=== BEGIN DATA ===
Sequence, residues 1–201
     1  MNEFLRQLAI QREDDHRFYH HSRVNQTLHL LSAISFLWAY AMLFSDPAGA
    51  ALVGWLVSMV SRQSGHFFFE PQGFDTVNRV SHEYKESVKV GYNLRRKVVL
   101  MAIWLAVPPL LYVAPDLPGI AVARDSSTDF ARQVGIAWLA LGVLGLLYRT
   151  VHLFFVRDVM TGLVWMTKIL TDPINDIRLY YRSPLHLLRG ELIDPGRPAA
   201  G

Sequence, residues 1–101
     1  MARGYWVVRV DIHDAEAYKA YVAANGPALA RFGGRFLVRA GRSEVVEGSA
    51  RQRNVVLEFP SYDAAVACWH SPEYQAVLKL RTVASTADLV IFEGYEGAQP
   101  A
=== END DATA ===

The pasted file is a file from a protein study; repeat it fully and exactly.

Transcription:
Sequence, residues 1–201
     1  MNEFLRQLAI QREDDHRFYH HSRVNQTLHL LSAISFLWAY AMLFSDPAGA
    51  ALVGWLVSMV SRQSGHFFFE PQGFDTVNRV SHEYKESVKV GYNLRRKVVL
   101  MAIWLAVPPL LYVAPDLPGI AVARDSSTDF ARQVGIAWLA LGVLGLLYRT
   151  VHLFFVRDVM TGLVWMTKIL TDPINDIRLY YRSPLHLLRG ELIDPGRPAA
   201  G

Sequence, residues 1–101
     1  MARGYWVVRV DIHDAEAYKA YVAANGPALA RFGGRFLVRA GRSEVVEGSA
    51  RQRNVVLEFP SYDAAVACWH SPEYQAVLKL RTVASTADLV IFEGYEGAQP
   101  A